I Googled for this, but couldn't find the proper torque (in Newton-meters) for Shimano Alfine 8- and 11-speed IGH axle nuts. I'm putting the hub back on the bike after removing the rear wheel.

I'm no techie, but I read that an IGH must be tightened to the correct torque, neither too tight (risk of damaging the IGH) nor too loose (speeds won't change correctly).

What is the correct torque for these nuts?


2 Answers 2


Here is how I found the answer (30-45 N-m):

  • Followed the link in the first comment on the question (or I could have done a search for something like "shimano alfine hub service pdf").

  • The link Gordon provided was led to several Shimano products identified only by part number, so I did another search for "shimano alfine 11 hub" and found a listing on Amazon with the part number (SG-700). Shimano's part numbers are pretty transparent – if you know the two letter code that they use for different components – so you might be able skip this step with a lucky guess.

  • From there I opened up the service manual and scanned it for the step where the cap nuts are tightened.

  • 2
    Thanks for the "how I solved it" rather than just a number coming out of the air.
    – Móż
    Jul 26, 2015 at 22:06
  • You're welcome – in many cases it seems like that's really the question…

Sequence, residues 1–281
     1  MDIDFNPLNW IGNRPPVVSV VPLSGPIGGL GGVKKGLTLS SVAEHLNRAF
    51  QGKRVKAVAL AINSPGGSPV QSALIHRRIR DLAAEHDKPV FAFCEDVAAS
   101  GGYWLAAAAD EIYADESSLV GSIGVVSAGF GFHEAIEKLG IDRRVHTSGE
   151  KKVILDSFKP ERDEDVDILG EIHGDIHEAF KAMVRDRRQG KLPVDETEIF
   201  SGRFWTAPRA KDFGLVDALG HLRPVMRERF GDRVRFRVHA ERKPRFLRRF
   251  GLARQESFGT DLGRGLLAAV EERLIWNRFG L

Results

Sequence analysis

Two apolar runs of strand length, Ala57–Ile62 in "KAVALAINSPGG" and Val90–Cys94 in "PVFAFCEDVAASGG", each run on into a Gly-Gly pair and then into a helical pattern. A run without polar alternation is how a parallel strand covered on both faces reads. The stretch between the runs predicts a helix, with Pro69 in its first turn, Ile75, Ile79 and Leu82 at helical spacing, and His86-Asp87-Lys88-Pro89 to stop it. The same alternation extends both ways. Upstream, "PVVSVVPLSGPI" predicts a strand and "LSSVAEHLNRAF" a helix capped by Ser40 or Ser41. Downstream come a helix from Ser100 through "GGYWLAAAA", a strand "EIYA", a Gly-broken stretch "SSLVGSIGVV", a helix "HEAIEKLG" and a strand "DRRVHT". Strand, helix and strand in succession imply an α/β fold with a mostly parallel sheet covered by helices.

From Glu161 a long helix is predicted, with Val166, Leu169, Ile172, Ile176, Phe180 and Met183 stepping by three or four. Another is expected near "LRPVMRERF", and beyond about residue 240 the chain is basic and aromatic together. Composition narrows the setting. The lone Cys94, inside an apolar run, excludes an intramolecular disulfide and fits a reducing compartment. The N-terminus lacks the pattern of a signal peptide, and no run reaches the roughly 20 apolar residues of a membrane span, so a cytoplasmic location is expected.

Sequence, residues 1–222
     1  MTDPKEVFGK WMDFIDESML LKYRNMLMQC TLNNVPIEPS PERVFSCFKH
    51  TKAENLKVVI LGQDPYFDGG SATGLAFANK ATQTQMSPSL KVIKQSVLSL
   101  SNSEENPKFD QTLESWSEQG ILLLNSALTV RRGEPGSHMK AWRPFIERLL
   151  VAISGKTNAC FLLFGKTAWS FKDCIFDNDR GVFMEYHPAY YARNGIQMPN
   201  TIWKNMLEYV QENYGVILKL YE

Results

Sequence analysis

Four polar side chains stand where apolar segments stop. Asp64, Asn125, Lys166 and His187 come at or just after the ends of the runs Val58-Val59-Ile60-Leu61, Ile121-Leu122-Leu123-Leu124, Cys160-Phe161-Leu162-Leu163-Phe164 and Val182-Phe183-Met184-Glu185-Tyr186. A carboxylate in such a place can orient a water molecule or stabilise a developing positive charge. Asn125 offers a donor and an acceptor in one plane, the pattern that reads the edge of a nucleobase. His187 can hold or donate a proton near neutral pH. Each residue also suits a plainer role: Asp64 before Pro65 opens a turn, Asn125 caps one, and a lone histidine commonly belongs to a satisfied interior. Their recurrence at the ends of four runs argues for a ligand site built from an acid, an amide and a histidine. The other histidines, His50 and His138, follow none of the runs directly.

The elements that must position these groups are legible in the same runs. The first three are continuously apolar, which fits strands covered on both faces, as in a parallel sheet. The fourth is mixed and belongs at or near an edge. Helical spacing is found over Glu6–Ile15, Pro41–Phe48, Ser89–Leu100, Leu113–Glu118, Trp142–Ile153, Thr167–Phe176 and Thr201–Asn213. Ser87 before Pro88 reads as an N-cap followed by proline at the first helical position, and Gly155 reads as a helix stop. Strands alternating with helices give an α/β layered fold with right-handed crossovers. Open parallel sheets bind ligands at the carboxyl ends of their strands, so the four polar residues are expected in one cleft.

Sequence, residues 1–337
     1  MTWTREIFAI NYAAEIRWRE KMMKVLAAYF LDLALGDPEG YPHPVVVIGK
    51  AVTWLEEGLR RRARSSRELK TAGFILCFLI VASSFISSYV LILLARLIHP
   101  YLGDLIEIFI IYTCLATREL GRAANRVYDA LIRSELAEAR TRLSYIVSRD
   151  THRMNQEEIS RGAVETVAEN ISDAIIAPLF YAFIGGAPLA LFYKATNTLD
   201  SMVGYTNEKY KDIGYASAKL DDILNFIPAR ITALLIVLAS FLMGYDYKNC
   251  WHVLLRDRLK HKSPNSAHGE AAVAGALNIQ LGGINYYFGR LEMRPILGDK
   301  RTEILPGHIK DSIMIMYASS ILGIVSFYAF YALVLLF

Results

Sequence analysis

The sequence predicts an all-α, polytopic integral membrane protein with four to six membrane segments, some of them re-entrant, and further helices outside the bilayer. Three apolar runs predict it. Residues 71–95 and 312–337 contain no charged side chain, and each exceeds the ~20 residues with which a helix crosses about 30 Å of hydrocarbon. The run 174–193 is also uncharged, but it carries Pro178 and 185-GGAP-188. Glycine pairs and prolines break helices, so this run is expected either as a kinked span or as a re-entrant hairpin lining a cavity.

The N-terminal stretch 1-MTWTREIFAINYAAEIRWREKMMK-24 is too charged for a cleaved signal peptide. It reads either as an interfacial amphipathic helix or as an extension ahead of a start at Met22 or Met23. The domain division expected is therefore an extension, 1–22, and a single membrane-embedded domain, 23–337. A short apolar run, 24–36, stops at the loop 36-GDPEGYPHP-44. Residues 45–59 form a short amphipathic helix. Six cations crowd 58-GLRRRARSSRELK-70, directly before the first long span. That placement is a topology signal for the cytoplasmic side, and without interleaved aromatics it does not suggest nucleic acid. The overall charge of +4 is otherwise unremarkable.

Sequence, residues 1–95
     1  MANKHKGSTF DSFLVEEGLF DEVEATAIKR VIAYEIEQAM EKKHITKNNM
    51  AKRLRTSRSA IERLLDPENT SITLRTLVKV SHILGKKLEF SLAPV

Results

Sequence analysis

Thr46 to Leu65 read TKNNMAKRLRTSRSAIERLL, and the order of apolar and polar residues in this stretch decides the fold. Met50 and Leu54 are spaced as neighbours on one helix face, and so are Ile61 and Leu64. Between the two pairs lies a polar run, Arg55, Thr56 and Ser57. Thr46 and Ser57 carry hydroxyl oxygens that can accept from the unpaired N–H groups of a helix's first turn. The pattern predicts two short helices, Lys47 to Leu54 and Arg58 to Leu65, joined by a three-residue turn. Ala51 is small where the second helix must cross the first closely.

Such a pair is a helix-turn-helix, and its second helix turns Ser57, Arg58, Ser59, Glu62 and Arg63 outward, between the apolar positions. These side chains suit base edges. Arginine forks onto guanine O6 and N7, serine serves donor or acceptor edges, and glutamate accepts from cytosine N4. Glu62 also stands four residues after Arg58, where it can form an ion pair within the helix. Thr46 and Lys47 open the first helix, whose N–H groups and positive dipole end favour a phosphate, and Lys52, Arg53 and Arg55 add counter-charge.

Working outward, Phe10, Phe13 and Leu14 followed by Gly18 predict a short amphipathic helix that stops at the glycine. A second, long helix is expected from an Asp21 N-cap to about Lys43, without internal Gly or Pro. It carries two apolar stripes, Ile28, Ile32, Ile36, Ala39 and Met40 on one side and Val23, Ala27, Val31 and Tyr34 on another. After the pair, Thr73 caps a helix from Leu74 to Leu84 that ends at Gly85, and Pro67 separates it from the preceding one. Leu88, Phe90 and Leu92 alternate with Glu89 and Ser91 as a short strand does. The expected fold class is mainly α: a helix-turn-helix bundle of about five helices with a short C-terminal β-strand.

– dlu
    Jul 26, 2015 at 23:42

Supplementary information (because the OP question and the answer may mislead some people reading a bit too fast): When putting the rear wheel back on the bike, the tightening torque only matters because it'll prevent the wheel to unscrew itself with the vibrations. This torque could be very high without affecting how the gears change inside the hub, since the pressure will simply squeeze the frame between the hub bolts and the wheel bolts. Now the bolts that should not be overtightened for an IGH are the hub bolts themselves (the ones you see once you remove the sprocket and possibly some cover on the other side). If you have removed the hub internals from the wheel to clean/grease/replace them, when putting them back in place you need to screw these bolts properly again. Don't overtighten, because the hub won't spin easily and you'll quickly wear out the ball bearings (and your leg muscles). Now if you undertighten, wobbling will eventually damage the hub internals. For these hub bolts, the service manual only states "thighten so that the hub moves freely and without play". Don't mix the torques because this latter torque is light and certainly much less than 30 Nm...

  • Rather than creating a new answer consider editing the existing answer to to add clarification.
    – shox
    Apr 26, 2023 at 23:40

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